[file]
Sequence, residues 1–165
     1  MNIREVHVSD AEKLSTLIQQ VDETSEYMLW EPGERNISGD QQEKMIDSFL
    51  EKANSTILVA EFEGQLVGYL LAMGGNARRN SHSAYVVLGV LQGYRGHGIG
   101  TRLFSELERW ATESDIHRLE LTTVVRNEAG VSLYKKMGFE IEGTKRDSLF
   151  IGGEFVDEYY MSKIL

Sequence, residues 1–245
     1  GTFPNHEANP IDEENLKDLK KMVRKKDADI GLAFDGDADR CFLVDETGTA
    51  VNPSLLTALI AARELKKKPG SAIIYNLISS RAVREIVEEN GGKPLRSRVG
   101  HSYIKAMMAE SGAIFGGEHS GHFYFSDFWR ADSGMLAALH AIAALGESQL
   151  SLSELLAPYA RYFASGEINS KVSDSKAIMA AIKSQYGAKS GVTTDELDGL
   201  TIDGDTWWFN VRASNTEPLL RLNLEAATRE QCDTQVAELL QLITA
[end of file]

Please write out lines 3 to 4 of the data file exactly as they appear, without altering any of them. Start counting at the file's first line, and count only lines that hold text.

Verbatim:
    51  EKANSTILVA EFEGQLVGYL LAMGGNARRN SHSAYVVLGV LQGYRGHGIG
   101  TRLFSELERW ATESDIHRLE LTTVVRNEAG VSLYKKMGFE IEGTKRDSLF